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Producers are saying their winter wheat is doing better this year and they're hoping to make a good profit.

Steve Johnson out of Olton, TX has been growing wheat for 42 years. He planted in September and plans to harvest in March. Johnson says it's looking good currently because his farm received about 2 inches of rain throughout November and December.

"This has been a good year of wheat production. Mother Nature has helped us a lot," said Johnson.

Johnson says that rain has helps much because water is a tight commodity. That's why winter wheat helps his operation. It takes less irrigation to grow than summer crops.

"West Texas has been in a pretty substantial drought. So our irrigation — our water supply during this whole entire time — is decreasing year to year," said Johnson.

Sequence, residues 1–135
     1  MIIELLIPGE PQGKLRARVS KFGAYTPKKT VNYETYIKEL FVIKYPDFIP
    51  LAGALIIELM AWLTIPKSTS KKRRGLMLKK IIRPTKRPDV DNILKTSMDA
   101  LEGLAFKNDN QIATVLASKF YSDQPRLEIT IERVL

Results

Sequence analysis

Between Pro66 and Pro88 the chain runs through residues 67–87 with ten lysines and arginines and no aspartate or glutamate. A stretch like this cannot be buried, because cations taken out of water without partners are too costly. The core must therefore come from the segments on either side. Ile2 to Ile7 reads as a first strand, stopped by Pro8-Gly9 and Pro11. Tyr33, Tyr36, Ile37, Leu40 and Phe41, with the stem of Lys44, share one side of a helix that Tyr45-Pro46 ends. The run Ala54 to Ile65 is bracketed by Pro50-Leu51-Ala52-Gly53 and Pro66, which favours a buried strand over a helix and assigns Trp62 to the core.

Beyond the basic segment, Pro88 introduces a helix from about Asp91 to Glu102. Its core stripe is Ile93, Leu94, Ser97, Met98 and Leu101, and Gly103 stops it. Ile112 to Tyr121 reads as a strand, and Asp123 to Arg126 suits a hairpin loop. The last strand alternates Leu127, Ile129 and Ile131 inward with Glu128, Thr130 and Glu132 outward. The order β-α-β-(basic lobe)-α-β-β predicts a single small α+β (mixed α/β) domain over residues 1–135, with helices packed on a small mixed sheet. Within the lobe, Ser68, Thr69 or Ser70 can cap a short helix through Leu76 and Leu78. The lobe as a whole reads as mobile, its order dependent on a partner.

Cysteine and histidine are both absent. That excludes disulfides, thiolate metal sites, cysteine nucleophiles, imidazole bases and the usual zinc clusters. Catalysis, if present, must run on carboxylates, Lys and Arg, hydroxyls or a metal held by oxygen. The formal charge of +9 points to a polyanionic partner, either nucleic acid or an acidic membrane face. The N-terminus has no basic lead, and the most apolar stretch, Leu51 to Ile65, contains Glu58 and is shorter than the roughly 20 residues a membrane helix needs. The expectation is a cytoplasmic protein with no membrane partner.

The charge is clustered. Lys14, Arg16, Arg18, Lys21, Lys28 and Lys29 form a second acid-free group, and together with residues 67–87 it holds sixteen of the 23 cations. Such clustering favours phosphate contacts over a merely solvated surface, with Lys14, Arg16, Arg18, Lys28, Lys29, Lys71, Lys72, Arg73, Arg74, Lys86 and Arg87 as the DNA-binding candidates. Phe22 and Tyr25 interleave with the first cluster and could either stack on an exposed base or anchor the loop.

Johnson grows the wheat for cattle grazing through March. Then he has to decide what's next.

Johnson said, "We can choose whether we want to continue to graze some more, graze the wheat on out, or we will turn and make the choice to make grain out of it and we'll harvest that."

He's optimistic that by March he will be able to sell his cattle for beef production, make a good profit there and then harvest the wheat. Johnson explains that would be a big win because it gives a farmer hope for the future after a successful year.

"We would be optimistic as far as the ability to gross a certain amount of money off the land that we're farming," said Johnson.

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